Fair & Square: Artisan Goods with Purpose

When you walk into Fair & Square Imports, every wall is lined with shelves holding beautiful products from around the world. From Mexican jewelry to felted trivets from Nepal, each piece is made by a skilled artisan and certified by a fair trade organization. This small shop in downtown McKinney is bringing unique, handmade items to North Texas while helping to alleviate global poverty through economic development.

Walking around downtown McKinney in 2012, Kate and Andrew Jones felt at home. The young couple had recently moved from northwest Indiana after graduating from Valparaiso University. Andrew’s degree in International Economics had led him to his role at the Valparaiso International Center, where he worked in a role supporting the immigrant community and hosting cultural events. One event, the Fair Trade Christmas Festival, became a year round trade store at the International Center. “I loved how we were able to expose people to the fair trade process and give them an opportunity to make more conscious shopping choices,” said Andrew. Combined with Kate’s marketing degree and experience, the idea of starting their very own retail store seemed like the right fit.


And McKinney was the right fit too. Kate grew up in the Richardson area, so Texas was a natural choice to be near family. The historic square in downtown McKinney had the perfect storefront available, and 30 days after the lease was signed, Fair & Square Imports was open for business. Bringing supplier relationships with them from the shop in Indiana, Kate and Andrew were able to fill up their new space with meaningful, handmade goods. “Everything fell into place so fast, we actually started our displays with folding tables covered in old curtains from our house,” admitted Kate. But after the first few months in business, they could see how the North Texas community was coming together to support them and their artisans.

Fair & Square’s model is set up to empower artisans to own and grow their businesses with consistent, reliable income from product sales. “If we had gone with a give-back model that only gives a percentage of what we sell to the artisan, they wouldn’t be able to rely on that steady income,” explained Andrew. “Instead we are paying the artisans up front for their products so they can support their families and communities.” 

Almost 90% of the shop’s products are certified by the World Fair Trade Organization or the Fair Trade Federation, with a little bit of space left for local nonprofit goods, like headbands from the Vickery Trading Company in Dallas. Over 40 countries and 60 artisan groups are represented at Fair & Square.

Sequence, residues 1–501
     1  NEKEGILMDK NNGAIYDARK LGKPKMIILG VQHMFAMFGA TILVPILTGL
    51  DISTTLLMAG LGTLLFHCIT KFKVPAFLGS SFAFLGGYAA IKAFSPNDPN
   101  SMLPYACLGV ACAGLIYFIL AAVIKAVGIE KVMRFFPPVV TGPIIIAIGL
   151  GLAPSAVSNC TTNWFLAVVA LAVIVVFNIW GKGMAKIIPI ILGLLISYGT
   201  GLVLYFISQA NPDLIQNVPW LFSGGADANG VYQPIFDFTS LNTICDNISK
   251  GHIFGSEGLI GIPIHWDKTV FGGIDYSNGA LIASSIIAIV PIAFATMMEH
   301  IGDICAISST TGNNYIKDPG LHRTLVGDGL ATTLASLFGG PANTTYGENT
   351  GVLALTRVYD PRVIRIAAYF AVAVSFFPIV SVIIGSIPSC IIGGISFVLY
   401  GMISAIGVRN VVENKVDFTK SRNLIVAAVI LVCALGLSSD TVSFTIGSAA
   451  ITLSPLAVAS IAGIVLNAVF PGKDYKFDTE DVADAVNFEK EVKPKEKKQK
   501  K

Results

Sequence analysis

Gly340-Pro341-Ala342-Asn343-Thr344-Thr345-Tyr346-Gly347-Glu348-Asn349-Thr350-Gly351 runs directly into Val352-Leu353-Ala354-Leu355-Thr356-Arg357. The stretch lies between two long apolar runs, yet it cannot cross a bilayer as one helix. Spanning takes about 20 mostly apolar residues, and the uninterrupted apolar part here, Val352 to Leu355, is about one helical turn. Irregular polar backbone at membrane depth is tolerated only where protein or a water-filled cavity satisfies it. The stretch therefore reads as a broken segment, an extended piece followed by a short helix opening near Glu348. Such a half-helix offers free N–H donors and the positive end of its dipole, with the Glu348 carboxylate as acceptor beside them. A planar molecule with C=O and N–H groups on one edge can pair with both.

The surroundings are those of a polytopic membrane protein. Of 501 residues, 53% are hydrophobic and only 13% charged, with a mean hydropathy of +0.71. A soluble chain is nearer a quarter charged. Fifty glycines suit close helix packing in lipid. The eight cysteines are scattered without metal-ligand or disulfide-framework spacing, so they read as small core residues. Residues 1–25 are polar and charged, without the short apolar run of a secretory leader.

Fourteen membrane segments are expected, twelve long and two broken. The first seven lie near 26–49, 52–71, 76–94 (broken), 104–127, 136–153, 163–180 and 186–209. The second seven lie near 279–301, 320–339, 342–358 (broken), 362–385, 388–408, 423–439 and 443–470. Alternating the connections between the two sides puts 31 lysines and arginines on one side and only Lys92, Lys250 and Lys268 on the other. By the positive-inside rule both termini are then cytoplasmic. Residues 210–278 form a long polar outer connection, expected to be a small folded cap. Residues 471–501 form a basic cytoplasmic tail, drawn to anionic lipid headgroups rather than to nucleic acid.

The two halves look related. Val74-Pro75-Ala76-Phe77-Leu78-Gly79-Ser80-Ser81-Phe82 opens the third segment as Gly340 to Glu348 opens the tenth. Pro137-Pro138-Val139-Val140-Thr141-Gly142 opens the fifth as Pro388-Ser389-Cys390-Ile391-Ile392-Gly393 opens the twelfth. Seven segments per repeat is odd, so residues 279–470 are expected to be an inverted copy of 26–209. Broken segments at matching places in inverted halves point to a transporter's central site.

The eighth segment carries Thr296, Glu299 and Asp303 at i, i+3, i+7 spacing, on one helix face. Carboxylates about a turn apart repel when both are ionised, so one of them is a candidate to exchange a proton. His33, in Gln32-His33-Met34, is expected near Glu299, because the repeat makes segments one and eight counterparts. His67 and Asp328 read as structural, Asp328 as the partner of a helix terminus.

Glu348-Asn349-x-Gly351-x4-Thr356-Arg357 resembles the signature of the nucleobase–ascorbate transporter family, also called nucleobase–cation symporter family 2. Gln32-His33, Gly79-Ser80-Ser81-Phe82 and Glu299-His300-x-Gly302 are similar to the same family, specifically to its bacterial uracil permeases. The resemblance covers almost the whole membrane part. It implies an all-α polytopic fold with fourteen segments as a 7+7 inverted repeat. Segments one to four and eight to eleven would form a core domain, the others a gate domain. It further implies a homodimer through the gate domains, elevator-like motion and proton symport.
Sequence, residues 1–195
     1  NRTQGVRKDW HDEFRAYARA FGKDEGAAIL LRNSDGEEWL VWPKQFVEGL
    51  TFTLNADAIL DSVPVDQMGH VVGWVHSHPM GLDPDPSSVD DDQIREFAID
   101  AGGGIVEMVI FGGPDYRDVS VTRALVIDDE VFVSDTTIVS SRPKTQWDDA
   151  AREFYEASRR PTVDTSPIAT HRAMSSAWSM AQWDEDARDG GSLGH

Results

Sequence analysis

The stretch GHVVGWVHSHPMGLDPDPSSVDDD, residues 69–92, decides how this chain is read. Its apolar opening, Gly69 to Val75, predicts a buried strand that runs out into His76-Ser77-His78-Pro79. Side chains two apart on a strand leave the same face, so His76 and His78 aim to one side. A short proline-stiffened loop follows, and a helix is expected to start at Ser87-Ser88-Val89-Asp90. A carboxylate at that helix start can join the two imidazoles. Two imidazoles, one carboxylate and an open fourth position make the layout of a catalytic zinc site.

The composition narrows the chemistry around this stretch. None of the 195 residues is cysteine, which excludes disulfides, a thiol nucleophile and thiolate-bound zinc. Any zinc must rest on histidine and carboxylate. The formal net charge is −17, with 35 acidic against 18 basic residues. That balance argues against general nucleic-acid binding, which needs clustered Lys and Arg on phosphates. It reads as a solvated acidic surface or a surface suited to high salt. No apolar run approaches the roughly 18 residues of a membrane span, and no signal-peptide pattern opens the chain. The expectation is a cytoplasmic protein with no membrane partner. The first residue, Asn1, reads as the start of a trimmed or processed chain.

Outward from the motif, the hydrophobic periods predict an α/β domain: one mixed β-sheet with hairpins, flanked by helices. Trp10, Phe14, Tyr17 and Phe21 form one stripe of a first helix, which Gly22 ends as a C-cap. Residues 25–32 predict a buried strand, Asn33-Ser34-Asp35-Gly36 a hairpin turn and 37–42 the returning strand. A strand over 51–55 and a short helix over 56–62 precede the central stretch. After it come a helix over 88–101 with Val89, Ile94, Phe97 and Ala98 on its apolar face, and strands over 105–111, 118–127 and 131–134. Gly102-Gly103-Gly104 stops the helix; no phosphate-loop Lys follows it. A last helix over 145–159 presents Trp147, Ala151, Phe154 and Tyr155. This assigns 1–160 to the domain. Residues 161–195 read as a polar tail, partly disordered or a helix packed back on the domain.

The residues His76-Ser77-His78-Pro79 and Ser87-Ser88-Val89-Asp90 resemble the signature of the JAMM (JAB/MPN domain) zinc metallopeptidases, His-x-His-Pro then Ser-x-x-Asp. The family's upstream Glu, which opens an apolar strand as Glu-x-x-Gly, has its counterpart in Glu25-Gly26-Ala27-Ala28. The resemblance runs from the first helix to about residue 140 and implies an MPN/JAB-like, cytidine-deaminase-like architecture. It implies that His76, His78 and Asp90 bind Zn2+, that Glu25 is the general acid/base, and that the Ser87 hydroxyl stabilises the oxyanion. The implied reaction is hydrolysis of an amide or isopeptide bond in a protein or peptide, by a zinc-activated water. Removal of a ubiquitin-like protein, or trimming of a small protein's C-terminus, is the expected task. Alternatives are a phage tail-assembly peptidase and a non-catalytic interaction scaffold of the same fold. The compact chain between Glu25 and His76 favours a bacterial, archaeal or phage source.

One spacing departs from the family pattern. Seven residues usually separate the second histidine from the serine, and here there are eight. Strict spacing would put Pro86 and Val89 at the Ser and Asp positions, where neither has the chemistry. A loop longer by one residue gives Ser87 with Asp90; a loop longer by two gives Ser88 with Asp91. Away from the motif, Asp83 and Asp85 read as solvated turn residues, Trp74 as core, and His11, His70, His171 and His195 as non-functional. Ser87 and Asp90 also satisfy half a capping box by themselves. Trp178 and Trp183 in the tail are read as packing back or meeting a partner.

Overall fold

One of Kate’s favorite products is the soapstone hearts, carved and dyed by hand in Kenya. “Soapstone is found in many areas of the world where there is tectonic activity, but in the Kisii region of Kenya, the soapstone is either white or very light gray, so it lends itself to being dyed different colors,” she said. Eighteen Kenyan individuals are employed through the soapstone carving business. Each heart-shaped stone is carved with encouraging words that are perfect for a sweet gift. Some stones are left blank and can be hand-carved with a custom message right in the Texas store.


After spending years around fair trade products, Andrew and his friend Steve Lehmann came up with an idea for a handmade teddy bear that would serve child refugees. They started with a pilot program in Jordan with 100 bears, and then Threadies was born. Each bear is handmade by a group of Christian and Muslim women in the West Bank area of Israel using overage upholstery fabric that is locally sourced. When a Thready bear is purchased in the US, one is given to a child in a refugee camp. The bear that is given comes with a coping kit, specifically designed to be used by counselors while talking with children about their circumstances. “Over half of refugees are children, they are at high risk for developing PTSD, so these bears are used with camp counselors of the camps to help the child project their feelings onto their Thready,” shared Andrew. The fuzzy ears, small pocket, and lack of facial expression all strategically help children who have fled their homes due to violence.

Threadies also help to create a connection with children in the US. Threadies that are purchased domestically come with a poem about what a refugee is and how you can help them. The two bears, one in the US and one in a refugee camp, are twins, connected by matching ear fabric. More than 5,000 bears have been given out in the first 18 months of the program.

Together, Kate and Andrew are creating a strong community around Fair & Square. By introducing Texans to a curated group of handmade products that support families around the world, Fair & Square is tapping into that big Texas generosity and unique style. For those in the McKinney area, Fair & Square hosts regular DIY events as well as monthly storytimes for children. And for all of the chocolate lovers, Fair & Square features an epic collection of Divine chocolate bars

If you are interested in learning more about Fair & Square or the fair trade process, visit their website or stop by their store for a chat. Both Kate and Andrew love to answer questions and even visit local schools to present information on the fair trade economy. Their passion, transparency, and creativity is contagious, and this little store in McKinney is making a global impact.

If you know someone who is Doing Good in Dallas, we’d love to hear about it! Share their story with us.

Story and photos by Mary Martin.